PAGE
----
Exit from Informality: Carrot and Stick

In developing countries, informality is widespread amongst firms. In Bangladesh, for example, a recent survey suggests that about 70% of firms are not registered with the Tax Authority. There does seem to be a negative relationship between informality and productivity, but the direction of causality is unclear: less productive firms may choose to be informal, or there may be something about informality that makes firms less productive. If so, then lower productivity is one of the costs of informality, but it has another important cost as well: it reduces the size of the tax base and so makes it more difficult for the government to raise revenue through taxes.

The aim of this study is to understand whether there are specific policy interventions that can induce firms to move out of informality; and whether this movement has a positive impact on firms’ revenues and profits. The author employs an experimental design with two treatments, a “carrot” and a “stick”. The carrot involves reducing the costs of registration and carrying out an information campaign to persuade firms of the benefits of registration. The stick involves giving firms information on the potential legal costs of informality (i.e. the penalties for tax evasion), coupled with a credible threat of audits by tax officials in case the firm does not register within a specified period (as agreed with the Bangladeshi authorities). The carrot treatment is implemented on a random sample of about 5600 informal firms, with half of the baseline sample assigned to the treatment and control groups respectively. The random assignment was based on stratification over several firm observables that appear to be correlated with outcomes of interest, e.g. profits and revenues. For the stick treatment, a larger sample of about 39000 unregistered firms is available from the 2009-10 Census and from this the team will choose about 5000 firms. The randomized design will be clustered at the geographical level to deal with potential spillovers.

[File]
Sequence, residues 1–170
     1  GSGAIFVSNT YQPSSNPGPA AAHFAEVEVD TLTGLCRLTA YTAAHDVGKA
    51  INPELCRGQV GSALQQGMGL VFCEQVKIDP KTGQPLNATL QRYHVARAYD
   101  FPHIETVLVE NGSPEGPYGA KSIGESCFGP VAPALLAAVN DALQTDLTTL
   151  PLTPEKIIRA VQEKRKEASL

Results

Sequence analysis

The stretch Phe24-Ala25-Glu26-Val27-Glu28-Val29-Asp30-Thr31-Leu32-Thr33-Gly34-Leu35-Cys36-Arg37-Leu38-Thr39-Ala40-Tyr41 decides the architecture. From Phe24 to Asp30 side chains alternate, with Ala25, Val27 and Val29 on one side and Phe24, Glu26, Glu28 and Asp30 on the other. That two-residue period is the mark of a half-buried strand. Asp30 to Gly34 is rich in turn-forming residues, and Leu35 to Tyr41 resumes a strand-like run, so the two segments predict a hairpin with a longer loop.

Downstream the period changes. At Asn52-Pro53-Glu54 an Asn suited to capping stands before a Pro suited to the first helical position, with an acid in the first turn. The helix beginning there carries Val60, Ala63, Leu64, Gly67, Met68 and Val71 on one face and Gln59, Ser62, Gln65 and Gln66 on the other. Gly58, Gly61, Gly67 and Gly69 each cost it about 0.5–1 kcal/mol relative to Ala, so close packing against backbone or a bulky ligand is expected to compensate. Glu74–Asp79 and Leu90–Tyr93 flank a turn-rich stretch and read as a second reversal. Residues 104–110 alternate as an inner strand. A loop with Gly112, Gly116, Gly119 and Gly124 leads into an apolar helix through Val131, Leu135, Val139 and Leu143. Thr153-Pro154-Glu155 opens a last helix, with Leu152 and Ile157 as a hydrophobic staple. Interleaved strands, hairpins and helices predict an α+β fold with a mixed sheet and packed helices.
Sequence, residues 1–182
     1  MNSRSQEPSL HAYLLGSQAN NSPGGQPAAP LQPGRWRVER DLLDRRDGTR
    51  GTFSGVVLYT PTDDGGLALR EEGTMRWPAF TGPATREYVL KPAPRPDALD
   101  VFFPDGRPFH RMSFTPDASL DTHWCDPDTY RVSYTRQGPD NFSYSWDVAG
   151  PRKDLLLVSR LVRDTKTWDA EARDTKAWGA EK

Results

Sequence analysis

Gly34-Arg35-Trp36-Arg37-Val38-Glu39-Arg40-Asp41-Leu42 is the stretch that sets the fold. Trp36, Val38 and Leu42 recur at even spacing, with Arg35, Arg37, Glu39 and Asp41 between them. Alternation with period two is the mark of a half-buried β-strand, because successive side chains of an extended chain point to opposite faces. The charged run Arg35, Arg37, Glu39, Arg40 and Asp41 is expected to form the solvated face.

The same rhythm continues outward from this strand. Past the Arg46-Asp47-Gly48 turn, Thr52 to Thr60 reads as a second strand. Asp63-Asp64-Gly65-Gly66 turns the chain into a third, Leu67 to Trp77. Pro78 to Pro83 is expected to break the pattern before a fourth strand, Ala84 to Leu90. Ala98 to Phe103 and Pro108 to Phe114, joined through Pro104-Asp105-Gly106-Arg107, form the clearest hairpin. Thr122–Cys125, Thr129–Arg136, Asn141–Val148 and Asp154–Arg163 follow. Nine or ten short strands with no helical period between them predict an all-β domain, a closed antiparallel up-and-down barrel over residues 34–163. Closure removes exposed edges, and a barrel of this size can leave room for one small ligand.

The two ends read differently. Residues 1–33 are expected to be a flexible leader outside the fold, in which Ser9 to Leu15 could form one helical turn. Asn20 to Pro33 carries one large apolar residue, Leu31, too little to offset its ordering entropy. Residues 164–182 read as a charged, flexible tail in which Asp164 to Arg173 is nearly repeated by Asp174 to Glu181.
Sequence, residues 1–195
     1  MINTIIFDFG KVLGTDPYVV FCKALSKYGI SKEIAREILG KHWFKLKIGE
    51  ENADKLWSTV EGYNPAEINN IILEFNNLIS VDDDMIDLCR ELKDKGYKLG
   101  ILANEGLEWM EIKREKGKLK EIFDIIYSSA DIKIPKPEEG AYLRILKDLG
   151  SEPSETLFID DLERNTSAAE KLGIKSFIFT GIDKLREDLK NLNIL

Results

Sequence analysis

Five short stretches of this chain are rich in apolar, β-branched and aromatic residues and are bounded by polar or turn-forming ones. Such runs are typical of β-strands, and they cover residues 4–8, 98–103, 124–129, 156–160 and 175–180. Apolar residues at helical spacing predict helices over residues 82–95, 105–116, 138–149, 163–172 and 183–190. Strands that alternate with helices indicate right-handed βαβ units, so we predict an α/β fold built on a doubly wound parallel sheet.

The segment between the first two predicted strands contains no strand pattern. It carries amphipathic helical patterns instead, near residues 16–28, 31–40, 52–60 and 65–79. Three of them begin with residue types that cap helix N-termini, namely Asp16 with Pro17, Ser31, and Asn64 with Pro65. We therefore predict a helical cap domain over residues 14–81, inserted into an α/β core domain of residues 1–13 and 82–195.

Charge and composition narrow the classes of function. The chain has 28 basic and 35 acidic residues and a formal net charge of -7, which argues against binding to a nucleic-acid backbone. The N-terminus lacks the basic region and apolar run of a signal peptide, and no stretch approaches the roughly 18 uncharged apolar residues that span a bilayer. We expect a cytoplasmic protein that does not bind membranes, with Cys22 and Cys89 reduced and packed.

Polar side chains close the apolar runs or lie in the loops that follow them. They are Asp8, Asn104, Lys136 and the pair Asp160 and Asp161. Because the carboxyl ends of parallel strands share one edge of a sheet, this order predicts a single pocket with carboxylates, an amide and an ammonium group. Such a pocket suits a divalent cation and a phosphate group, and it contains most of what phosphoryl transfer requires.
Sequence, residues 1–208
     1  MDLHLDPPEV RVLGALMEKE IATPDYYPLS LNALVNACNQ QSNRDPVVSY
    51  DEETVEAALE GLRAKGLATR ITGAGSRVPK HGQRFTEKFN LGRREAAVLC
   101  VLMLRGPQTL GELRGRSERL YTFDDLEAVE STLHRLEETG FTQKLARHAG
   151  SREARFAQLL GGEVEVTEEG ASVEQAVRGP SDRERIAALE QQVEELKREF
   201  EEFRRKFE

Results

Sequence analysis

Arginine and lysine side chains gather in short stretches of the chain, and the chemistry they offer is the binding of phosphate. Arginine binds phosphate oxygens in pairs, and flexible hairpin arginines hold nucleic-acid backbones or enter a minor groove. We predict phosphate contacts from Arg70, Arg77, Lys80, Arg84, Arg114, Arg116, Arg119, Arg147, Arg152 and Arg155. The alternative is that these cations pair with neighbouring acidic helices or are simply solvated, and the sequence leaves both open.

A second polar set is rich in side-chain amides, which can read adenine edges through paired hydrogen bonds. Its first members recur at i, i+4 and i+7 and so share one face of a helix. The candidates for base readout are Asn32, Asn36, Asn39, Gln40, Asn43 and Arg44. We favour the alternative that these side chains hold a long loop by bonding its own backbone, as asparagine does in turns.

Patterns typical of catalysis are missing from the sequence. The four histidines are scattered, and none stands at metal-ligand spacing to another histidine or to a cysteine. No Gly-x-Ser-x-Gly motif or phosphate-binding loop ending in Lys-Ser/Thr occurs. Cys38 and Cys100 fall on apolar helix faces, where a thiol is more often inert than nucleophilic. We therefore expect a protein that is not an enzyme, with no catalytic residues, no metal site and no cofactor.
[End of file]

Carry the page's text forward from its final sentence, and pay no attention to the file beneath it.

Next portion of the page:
Giacomo De Giorgi

University of Geneva